If you truly want it, stick at it. Some super humans are able to set a goal and progress in leaps and bounds towards it, making it look effortless in the process. But this isn’t the usual. And if you were to ask that person how they’ve done it so effortlessly you will more than likely find that they have put their all into it, they’ve grafted away still. You’ll have ups and downs. The trick is, when going through the downs, keep in mind that the up will soon make up for it. Expect the rough with the smooth. Not everyone’s progress or journey is the same.

If it isn’t working for you, change it

Last but not least. Don’t be afraid to adapt your goal, or change it completely. If it’s not working for you, or you change your mind completely on your journey, as I have, then drop it, adapt it, make it work for you again. There’s no shame in that. At the time of setting my original big goal, I don’t think I really knew who I was as a runner. Sometimes you need to go on a journey to discover more about yourself, and that might not fit with what you originally started with. You’ve got to be you.

So that’s about as far as my little nuggets of wisdom go. Above all else, find that goal that makes you soul happy. Then knuckle down, buckle up and enjoy the ride on the way. My news goals excite me, and I can’t wait to share them with you. Needless to say, 2019 will mostly be trails, Ultras and mountains…. and THAT fills my belly with fire.

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Summertime Funtime

So, I have been missing in action. Again. The summer has been full of fun, the kind that leaves your heart full, but your blog writing capabilities on the back burner. Hidden somewhere between the need for a granny nap, and standing looking aimlessly at an open fridge wondering whats going to be devoured next.

My last post was Race to The Tower Ultra. I thought that was it for ultras for a while but as it turned out, fate decided it liked me falling over various parts of the countryside, and turning into an emotional wreck. Ultra number two happened two weeks after the first one. Race to The King. I think Ultras are much like childbirth, I can only remember the good bits. That’s for a reason. Otherwise you wouldn’t do it again. It was actually a really good race, I fell three times, leaving some pretty awesome permanent scars to remember it by. I got sick in this one. But nonetheless completed another double marathon ultra two weeks after my first.

July consisted of Thunder Run and the ASICS Frontrunner UK weekend meet up. Thunder Run was amazing! A 24 hour event, entered as a mixed team of 8 Frontrunners. It brought a new meaning to the term team bonding, camping together, running through the night and day. There’s not much to hide during these things. But an amazing weekend spent in great company. Our UK meet up followed in Warrington. Again, another hugely fun weekend spent with teammates, enjoying Parkrun, sports day, presentations, casino night and a few well deserved beverages.

August was mainly ruled by surviving summer holidays (parents will just know) but also some time to get reacquainted with the 10k race. Which I still suck at (5k and 10k races are really not my thing) starting with Westonbirt 10k. A terrible race, that I completely talked myself out of, but I still managed to take over 4 minutes off from the last time I raced it. There was the international ASICS Frontrunner weekend in Amsterdam, which was beyond amazing. I don’t think we stopped all weekend. It also included another 10k race. The kind of race you turn into a fun run (as much as you can with a hangover) Fair to say we partied hard, trained hard. For a great blog about this weekend check out this piece from my fellow UK attendees.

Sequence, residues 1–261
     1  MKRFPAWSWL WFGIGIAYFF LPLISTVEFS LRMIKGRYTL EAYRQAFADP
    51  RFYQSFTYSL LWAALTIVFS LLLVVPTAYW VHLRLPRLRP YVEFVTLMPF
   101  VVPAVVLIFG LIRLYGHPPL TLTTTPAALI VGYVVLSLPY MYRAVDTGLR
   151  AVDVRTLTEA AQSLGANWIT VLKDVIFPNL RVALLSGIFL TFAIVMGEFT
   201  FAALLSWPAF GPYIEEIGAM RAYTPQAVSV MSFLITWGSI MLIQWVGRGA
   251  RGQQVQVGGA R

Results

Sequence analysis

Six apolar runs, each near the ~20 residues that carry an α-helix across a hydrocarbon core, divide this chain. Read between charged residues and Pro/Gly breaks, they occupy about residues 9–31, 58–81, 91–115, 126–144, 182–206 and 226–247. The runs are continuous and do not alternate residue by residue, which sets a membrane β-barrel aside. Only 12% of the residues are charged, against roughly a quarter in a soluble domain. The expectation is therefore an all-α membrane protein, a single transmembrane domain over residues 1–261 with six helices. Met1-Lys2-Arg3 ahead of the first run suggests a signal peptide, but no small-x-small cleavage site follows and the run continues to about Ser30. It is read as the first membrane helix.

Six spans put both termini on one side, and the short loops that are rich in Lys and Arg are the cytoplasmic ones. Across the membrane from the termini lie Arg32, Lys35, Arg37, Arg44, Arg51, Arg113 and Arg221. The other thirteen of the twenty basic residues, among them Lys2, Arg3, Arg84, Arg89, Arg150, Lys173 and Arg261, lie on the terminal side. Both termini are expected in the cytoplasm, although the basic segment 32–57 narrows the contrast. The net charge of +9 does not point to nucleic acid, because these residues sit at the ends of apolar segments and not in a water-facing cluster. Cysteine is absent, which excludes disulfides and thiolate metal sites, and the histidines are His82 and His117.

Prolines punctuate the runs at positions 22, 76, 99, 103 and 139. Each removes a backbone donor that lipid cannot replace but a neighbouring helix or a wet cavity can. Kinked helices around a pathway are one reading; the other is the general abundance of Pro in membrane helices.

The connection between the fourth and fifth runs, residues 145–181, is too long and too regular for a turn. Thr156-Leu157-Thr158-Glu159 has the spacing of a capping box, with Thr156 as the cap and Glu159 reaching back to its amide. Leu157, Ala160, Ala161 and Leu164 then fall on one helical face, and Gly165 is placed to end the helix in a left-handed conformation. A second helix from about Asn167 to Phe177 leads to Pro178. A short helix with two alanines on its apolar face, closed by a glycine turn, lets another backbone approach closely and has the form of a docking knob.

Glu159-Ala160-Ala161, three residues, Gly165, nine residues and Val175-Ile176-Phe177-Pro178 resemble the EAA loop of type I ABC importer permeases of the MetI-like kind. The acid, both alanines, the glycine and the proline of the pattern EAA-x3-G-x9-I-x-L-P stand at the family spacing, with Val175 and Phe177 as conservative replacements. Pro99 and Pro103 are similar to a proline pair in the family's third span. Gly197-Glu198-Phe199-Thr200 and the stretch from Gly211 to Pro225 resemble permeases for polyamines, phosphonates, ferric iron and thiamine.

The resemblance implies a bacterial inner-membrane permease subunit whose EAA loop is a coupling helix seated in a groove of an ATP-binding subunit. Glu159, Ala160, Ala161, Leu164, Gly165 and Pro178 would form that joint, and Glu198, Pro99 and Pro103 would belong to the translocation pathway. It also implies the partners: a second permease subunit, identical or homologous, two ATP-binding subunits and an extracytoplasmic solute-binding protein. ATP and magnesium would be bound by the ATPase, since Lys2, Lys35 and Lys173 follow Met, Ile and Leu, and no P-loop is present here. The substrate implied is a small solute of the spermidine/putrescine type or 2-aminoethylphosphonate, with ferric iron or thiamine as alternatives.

https://www.asics.com/gb/en-gb/frontrunner/articles/what-happens-in-dam

So there it is. Lots of fun times, running time, and family time. Chicago Marathon is creeping up fast now, with just over four weeks to go, and training for it has been interesting. There hasn’t been any structure as such. I’ve not stuck to a plan. I’ve just tried to incorporate key sessions and easy runs around having fun. I don’t regret that decision for this marathon. It’s kept things fresh, and the lack of pressure works wonders for the soul.

Summer Summary done, normal service can now resume.

Uncategorized

All That Is Good

The last week has been amazing in so many ways. I have been more than quiet on the blog front, and I’ll be honest, continuous injury lead me to a horrible place. One where I was fighting daily to make something work, that wasn’t going to work. I was so desperate to make the marathon start line that I kept pushing, putting pressure on myself and my body that wasn’t needed and only had a detrimental effect. Which leads me to the start of the week. The moment of clarity.

I finally decided (a week out) that I would withdraw from the marathon. The decision came after what should of been a wonderful Easter trail run on the Saturday with fellow Asics Frontrunners, which ended up with me hobbling back after a mile. If I couldn’t run a mile, even going super easy for 26.2 would have been disastrous. I cannot even begin to describe the instant relief. The weight that I felt lifted from my shoulders. I had made myself so unhappy for weeks on end, that when the relief came from choosing to withdraw I realised the decision should have been made much sooner. It is an incredibly hard decision to make, when you’ve trained for, and been geared for that single event. Eventually (a little late) I realised that the first marathon was not my goal this year. A summer of doing my first ultras and going for GFA in Chicago Marathon IS my goal. It came down to looking at the bigger picture. I’ll be honest. Just to run carefree and pain free is something I had taken for granted, and something I desperately need back in my life for mental and physical happiness. There are plenty more marathons in the sea! On a little side note I did however, learn a whole array of useful cross training and strengthening work, which I shall detail at a later date.